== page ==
As noted in an earlier post, an email has surfaced purporting to be from the D.C. Metropolitan Police Department stating that NBC requested permission to use a high capacity ammunication magazine and that the request was denied.

The email first appeared on the AR15 gun forum, and then at the The Patriot Perspective blog which first broke the Gregory story.

Here is the email, with the addressee’s identity removed:

“From: “DC Police (imailagent)” <customerservice.mpd2@dc.gov>
Subject: Email from DC Police (Intranet Quorum IMA00519327)
Date: December 24, 2012 4:13:12 PM EST
To: -

The Metropolitan Police Department is in receipt of your e-mail regarding David Gregory segment on “Meet the Press.” MPD has received numerous e-mails informing us of the segment. NBC contacted MPD inquiring if they could utilize a high capacity magazine for their segment. NBC was informed that possession of a high capacity magazines is not permissible and their request was denied. This matter is currently being investigated. Thank you for taking the time to bring this matter to our attention.

Customer Service – Metropolitan Police Department”

Fearing the email was a hoax, I was cautious about running the text of the email. But as earlier reported, a confidential source who works for D.C. government verified that the email was in a format used by the MPD:

“… the Metropolitan Police Department email reply you received is genuine. DC Government uses “Intranet Quorum” software designed by Lockheed to manage general inquires. The email address and the subject line of the email you received are consistent with that software.”

Now I have received confirmation that the e-mail is authentic.

(added) For much of the day yesterday and last night I sought confirmation from the D.C. Police.  After numerous emails exchanged last night and conversations this morning, I finally was able to receive the authentication needed, as well as confirmation of the request by NBC and denial by the MPD.

I forwarded the text of the email, exactly as it appears above, to Gwendolyn Crump, Director, Office of Communications for the MPD, with the following question:

Can you confirm that is a real email sent from your system. I am informed that the email format is consistent with the Intranet Quorum format you use. Putting aside the substance of the investigation, I just want confirmation that it is a genuine email sent from your system.

I would appreciate your response on that specific question. Thank you.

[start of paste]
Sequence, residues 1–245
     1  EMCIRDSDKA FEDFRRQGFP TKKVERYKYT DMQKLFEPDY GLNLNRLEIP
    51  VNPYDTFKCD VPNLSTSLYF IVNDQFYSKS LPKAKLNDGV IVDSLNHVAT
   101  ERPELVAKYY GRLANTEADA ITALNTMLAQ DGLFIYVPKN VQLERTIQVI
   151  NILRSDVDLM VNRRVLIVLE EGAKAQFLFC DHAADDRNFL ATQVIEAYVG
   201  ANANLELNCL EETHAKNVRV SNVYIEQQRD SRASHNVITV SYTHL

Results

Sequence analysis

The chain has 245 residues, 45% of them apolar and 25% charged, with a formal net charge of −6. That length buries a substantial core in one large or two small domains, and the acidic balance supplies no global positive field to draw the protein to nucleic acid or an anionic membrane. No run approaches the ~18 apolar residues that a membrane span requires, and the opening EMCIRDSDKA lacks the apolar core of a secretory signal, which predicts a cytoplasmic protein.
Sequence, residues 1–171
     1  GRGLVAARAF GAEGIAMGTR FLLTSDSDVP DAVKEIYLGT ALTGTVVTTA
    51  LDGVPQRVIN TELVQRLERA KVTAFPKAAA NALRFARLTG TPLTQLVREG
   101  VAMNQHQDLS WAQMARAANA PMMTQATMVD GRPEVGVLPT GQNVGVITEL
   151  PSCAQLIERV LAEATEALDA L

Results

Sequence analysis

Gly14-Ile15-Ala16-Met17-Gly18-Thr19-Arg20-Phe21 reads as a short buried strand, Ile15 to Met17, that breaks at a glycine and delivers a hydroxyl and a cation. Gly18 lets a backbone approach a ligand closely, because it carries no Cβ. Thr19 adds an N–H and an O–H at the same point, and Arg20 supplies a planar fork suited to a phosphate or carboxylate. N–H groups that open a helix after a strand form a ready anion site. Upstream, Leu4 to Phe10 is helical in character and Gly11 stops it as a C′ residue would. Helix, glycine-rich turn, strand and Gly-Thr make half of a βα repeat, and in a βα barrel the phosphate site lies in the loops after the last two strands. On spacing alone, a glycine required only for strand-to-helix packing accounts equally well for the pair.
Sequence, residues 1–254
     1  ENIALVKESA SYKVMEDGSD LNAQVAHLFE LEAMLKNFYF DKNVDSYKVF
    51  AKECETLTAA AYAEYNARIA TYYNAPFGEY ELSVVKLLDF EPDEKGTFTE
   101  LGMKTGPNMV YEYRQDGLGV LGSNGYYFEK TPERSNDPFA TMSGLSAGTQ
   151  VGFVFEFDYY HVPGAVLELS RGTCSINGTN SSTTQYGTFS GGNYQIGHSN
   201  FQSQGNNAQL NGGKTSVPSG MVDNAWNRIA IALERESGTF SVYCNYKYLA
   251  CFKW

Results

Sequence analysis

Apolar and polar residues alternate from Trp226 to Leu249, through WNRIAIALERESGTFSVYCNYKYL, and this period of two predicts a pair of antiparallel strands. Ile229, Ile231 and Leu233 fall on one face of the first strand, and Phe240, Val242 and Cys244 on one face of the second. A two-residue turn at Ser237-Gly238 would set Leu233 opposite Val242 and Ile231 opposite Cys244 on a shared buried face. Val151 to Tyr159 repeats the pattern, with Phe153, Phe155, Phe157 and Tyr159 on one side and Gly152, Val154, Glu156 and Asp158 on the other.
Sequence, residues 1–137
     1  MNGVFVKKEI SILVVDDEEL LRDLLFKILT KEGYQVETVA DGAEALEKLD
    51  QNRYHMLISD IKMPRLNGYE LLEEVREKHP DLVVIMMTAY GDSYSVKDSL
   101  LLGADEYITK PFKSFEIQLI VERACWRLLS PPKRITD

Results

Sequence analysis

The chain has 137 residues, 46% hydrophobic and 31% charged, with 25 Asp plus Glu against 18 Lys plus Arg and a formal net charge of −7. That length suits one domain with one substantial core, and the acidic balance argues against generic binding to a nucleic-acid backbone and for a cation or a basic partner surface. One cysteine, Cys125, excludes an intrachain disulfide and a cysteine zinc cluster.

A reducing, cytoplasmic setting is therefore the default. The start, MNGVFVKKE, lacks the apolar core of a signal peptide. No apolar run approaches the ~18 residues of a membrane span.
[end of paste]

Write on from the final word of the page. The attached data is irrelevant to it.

Ms. Crump responded:

“Yes. I can confirm that what you sent appears to be the IQ system message.”

I further followed up to make sure that the email was an actual email sent by MPD, not just that it “appeared” to be one, and Ms. Crump confirmed:

“Yes, that email was sent from MPD.

Officer Aziz Alali of the MPD Public Information Office further confirmed the authenticity of the e-mail, and gave me this statement by telephone:

“NBC contacted the Metropolitan Police Department inquiring if they could utilize a high capacity magazine for this segment. NBC was informed that that possession of a high capacity magazine is not permissible and the request was denied. This matter is currently being investigated and I cannot get into any further specifics on this investigation.”

NBC News has not responded to multiple inquiries as to the request and denial, or whether the magazine was real or just a prop. During the segment in question, Gregory stated “here is a magazine for ammunition that carries 30 bullets.”

If it turns out the magazine was in violation of D.C. law, the fact that NBC News was warned by the D.C. Police not to use the magazine puts a whole new light on the incident, turning it into an intentional violation of the law.  While the law does not require intent, the existence of intent could influence a decision whether or not to prosecute.

Update:  Thanks to all the blogs and websites who linked here and properly credited us with getting the D.C. Police to confirm this story, including but not limited to, Instapundit, Huffington Post (!), Hot Air, The Daily Caller, Breitbart.com, and more … Newsbusters.

As to this, well, at least there’s some emotional satisfaction:

Drudge - Gregory Defy Police